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the reason I failed to get to TOP school...GRE writing filter?

Hi everyone, I appreciate all useful informaion in this site:)

my question is..
Do schools have some minumum requirement in GRE writing?

In this spring, I got admission from Boston University but failed in other top schools.
Surely, there are many outsanding smart students so no wonder I couldn't get admission.

but if I had gotten higher writing in GRE...could I have had higher chance of getting admission in Top schools? If so, I prefer to reapply again rather than going to non-top 10 this August.

my backgroud is

V650-Q800-W3.0
2 years of asset management firm(Seoul, Korea)
as junior fund manager (dealt with ABS, Credit Linked Note, NPL)
6 month of equity investment fund manager(Seoul, Korea)
CFA Level2, FRM(GARP), 3.6/4.0,
Statistics major, Risk Management minor in state university in USA.

Like Michigan(they require GRE writing of 4.0 or higher), do top school have those minimum requirement so my 3.0 writing can't satisfy and failed?

if anyone can give me advice, please help me :)
 
Oh okay, just wondering as I am the official grammar nazi and spotted a few mistakes in your post.

Most top schools will avoid publicly stating that they have a minimum score for anything-- they want to come across as open and understanding (as well as pad their admission percentage ^^ ). Unfortunately, some likely do have some sort of minimum score that they will use to weed out applicants (e.g. something a bit below 800Q).

It seems like you have good work experience and are capable of doing fine in a top 10 program, its just they receive many, many applications from people just as capable as you. Some schools (e.g. Princeton) seem to prefer people with stellar hard-skill backgrounds as well as softer skills, including writing (although some will contest how much of a quant school they really are).

Also, some would say, without top-notch recommendations, with a degree from a state school that isn't UMich, Berkeley, Virginia, UCLA, etc. admission to a top 10 program would be difficult to come by -- if it isn't already hard enough.

This is assuming you have taken adequate mathematical/programming classes which can be found in a number of threads on this site, or admission sites for that matter.
 
I would contribute your unsuccessful try at the top programs to a non-outstanding application. It is not to say you are not an outstanding applicant or person. It may very well be that you have not put a lot of effort into each individual application.

On paper, the OP has decent score and work experience but my experience is that OP does not know how to make his profile stands out. When admission people look at the mountainous pile of 1,000 applications, this will get lost in the sea of equally qualified candidates.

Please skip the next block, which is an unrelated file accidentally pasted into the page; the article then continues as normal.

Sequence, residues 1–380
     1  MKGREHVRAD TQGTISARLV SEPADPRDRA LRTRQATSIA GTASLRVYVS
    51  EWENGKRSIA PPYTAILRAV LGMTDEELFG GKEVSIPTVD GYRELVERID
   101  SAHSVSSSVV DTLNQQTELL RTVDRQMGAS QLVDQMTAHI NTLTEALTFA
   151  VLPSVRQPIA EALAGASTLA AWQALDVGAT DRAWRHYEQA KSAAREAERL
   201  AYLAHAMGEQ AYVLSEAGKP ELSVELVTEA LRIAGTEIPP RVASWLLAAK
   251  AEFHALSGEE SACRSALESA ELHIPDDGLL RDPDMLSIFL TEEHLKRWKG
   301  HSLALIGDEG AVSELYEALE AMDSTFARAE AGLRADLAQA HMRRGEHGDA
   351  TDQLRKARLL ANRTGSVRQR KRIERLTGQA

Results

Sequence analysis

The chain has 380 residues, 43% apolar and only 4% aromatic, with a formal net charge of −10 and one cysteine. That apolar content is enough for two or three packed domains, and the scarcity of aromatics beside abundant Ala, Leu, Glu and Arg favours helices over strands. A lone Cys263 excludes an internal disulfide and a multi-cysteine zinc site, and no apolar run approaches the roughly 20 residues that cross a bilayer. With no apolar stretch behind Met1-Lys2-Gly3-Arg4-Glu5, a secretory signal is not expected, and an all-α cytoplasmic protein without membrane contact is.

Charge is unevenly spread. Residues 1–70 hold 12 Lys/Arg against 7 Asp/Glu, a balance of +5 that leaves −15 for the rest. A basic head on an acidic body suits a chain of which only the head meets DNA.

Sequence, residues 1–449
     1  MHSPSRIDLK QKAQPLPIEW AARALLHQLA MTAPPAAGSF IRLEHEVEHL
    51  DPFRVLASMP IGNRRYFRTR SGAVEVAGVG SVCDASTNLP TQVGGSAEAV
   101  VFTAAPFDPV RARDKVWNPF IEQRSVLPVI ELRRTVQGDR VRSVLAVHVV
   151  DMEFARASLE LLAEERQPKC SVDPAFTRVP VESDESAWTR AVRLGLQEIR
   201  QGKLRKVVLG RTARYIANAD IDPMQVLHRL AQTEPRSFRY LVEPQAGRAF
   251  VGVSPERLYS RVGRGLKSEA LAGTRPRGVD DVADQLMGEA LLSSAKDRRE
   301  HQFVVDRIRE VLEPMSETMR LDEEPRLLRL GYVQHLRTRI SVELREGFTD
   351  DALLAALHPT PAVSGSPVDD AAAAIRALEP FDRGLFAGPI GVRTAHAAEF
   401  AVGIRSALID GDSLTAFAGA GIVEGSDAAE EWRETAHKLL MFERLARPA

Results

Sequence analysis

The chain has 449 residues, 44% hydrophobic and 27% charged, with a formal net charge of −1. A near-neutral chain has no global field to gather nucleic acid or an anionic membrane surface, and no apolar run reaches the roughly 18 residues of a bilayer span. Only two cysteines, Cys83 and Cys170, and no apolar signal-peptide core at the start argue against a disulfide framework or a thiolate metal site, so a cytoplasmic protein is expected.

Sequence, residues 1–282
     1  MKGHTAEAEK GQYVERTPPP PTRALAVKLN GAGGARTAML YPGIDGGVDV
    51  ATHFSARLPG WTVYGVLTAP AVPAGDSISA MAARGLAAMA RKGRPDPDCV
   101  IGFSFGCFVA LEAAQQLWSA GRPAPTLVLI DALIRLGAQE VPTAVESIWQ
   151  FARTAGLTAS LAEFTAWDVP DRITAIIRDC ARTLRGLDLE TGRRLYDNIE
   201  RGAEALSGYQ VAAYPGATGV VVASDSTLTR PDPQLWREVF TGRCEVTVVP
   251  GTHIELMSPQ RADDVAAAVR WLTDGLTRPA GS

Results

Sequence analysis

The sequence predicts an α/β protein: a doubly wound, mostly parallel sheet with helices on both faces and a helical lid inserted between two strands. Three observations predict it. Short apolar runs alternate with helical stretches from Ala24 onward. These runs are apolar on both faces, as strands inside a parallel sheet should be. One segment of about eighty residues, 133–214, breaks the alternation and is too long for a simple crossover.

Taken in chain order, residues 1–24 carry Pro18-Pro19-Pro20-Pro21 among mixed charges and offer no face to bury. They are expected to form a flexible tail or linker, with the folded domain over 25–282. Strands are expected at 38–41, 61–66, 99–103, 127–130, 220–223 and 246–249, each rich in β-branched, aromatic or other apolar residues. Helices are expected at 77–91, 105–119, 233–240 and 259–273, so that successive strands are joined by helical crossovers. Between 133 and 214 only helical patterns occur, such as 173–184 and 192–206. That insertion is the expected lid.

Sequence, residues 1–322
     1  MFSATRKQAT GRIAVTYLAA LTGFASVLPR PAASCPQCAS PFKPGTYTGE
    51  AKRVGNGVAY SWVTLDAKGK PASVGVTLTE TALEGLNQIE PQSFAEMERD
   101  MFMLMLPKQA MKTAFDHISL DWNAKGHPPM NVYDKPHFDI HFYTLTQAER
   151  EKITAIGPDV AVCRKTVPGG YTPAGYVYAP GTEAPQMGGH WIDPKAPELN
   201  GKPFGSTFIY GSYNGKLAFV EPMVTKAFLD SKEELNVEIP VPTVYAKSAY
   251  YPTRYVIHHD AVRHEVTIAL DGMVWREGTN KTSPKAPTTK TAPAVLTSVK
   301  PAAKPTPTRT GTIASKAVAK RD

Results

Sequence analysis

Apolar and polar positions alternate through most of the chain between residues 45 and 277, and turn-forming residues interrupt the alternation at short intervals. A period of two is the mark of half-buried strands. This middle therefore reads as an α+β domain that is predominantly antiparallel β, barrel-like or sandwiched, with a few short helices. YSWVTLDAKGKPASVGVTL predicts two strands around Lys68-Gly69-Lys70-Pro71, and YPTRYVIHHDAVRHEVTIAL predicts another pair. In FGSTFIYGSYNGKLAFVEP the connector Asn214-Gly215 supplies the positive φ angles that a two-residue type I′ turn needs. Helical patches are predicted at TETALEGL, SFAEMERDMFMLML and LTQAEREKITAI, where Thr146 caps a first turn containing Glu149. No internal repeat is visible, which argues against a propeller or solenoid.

Without seeing personal essay, recommendation letters, it is hard to tell with certainty.

Schools don't have to declare a minimum score for several reasons
  1. They don't want to lower the applicant pool. After all, your fee pays for many things. At $100 a pop, 1000 applications means $100K, a huge amount of money.
  2. They don't have too. They have too many applicants with high score. If your score is low, they will take 20 seconds to look and dump into the reject bin.
If schools publish the admission stats (mostly likely no), you can get an idea of the average GPA/GRE of the admitted students.
A lot of people apply to programs they have no chance of because they are not aware of how competitive it is to get in. I can throw a dart into a pile of application and get someone who got a 800Q, 4.0+ AWA these days. It is that common.
And for the OP, if you studied in the states, why couldn't you get at least a 4.5 on the AWA? People don't tell you but technical prowess isn't everything. People appreciate good English writing skill as well.
 
people are being admitted with 2.0 scores so I would rather concentrate more on the personal statement and LoR ;) good luck if you device to reapply ;)
 
people are being admitted with 2.0 scores
How many people you know with a 2.0 AWA got admitted into top programs? A handful? Hundreds?
What you said is anomaly which shouldn't be used to advise most people. If you are American-born, then Verbal, AWA has little effect. Most applicants are international students so TOEFL, verbal, AWA play a more important role for them than domestic students.

What you said about essay and LOR is true. It's equally, if not more important.
 
I know of two. Both of them did not have incredible other parts of their applications. From my personal experience (including people I know of) your essay and LOR are more important. And what I wrote or have ever written is just my opinion I don't say it is what happens all the time. I don't see the forum full of admission office clerks here who can give correct answers to every question. I guess this is why we all give our piece of mind. And I didn't say anything about TOEFL :)
 

mfegrad

CMU MSCF Alum
why do you want to do an mfe?

if you're able to answer that question and answer it convincingly, chances are you'll improve your application.
 
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